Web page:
What have you done after graduating from Bryn Mawr?

After Bryn Mawr I entered a 2.5-year management training program at Munich Re in Princeton, N.J. During this time, the class of analysts rotated through the company spending 80 percent of time in practical project rotations and 20 percent of the time in classroom training. The program also featured two international training summits at our global headquarters in Munich, Germany. Following the program, I entered an actuarial pricing role in our primary insurance unit, where I spent two years. About a year and eight months ago, I moved into the more strategic position where I am now. My title now is marketing intelligence analyst, which is about half market research and analysis and half then translating the findings into actionable strategy for our business unit.

How does math connect with your current occupation?

While my prior role focused more on quantitative analysis, my current position is much more qualitative but focuses on analysis nonetheless. The overarching theme that has carried on from my last role to this one is being able to use data to find the story it is telling.  

How did your math experience at Bryn Mawr prepare you for your current position and life after Bryn Mawr?

My ability to break complex problems into smaller tasks and to use logic to work through them has been immensely helpful. The insurance industry is very data-driven and most jobs within the industry have a significant quantitative focus, whether it be by managing a portfolio as an underwriter, calculating our loss reserves as an actuary, or understanding and adjusting our losses as a claims specialist. The industry is unique in that it is one of a few where you don't know what the true cost of your product is until after you sell it.  Projections, portfolio metrics and capital management are critical. Quantitative skills are in high demand and I think my background and mathematical approach to problem solving is well-suited to a number of careers in insurance as well as finance and business more broadly. 

Which aspects of the math major did you enjoy or find particularly useful?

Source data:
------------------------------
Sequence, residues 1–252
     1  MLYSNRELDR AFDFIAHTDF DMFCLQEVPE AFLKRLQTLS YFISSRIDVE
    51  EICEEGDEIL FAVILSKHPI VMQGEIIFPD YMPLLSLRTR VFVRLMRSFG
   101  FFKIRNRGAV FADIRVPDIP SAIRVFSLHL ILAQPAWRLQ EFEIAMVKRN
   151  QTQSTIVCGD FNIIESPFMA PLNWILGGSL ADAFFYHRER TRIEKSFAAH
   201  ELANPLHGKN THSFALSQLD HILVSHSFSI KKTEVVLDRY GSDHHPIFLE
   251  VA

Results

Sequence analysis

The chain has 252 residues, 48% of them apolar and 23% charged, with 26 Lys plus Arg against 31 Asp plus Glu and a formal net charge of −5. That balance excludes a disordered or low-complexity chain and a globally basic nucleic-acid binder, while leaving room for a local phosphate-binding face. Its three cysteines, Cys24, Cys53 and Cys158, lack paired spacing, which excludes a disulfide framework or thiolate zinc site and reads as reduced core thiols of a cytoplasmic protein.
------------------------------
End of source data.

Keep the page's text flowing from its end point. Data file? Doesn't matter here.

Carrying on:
Tutoring and TAing were hugely advantageous in that they gave me experiences explaining technical or complex processes and solutions to others. This was a skill I highlighted while interviewing and was something that resonated with the interviewers in every case.

Do you have any memories of the Bryn Mawr Math Department that you would like to share with current students and/or prospective students?

Part of my getting my first job was as a result of an interaction with a BMC math alum at a career panel. There was an alum who was an actuary and I attended the panel she spoke on as well as the dinner reception that followed the event.  After chatting with her, I forwarded her my resume and I asked for both feedback as well as any connections she might be able to make for me.  She sent my resume to seven or eight contacts she had across several companies, and one of those was contacts worked at Munich Re. I had already applied to the company on my own by this time, but the recipient of my resume at Munich Re was the actuary who became my actuarial pricing boss. She and the Bryn Mawr alum had worked together at a prior company. Had I not gone to the math department panel or attended dinner, I may not have come across this alum and I still don't know whether my resume got looked at because of my independent application or my resume having been received by the right person and mutual contacts.

Do you have any advice for current math majors?

Take classes that are interdisciplinary such as Discrete Math in both the math and computer science departments. Being able to link two disciplines is a unique skill that not everyone can speak to. I'd also recommend taking a course at Haverford. There are some very cool electives there and while I was nervous about taking a course at Haverford in a subject where I so often attended TA sessions, which I knew would be more effort to attend on the other campus, it was worth the extra effort in travel to take the applied elective.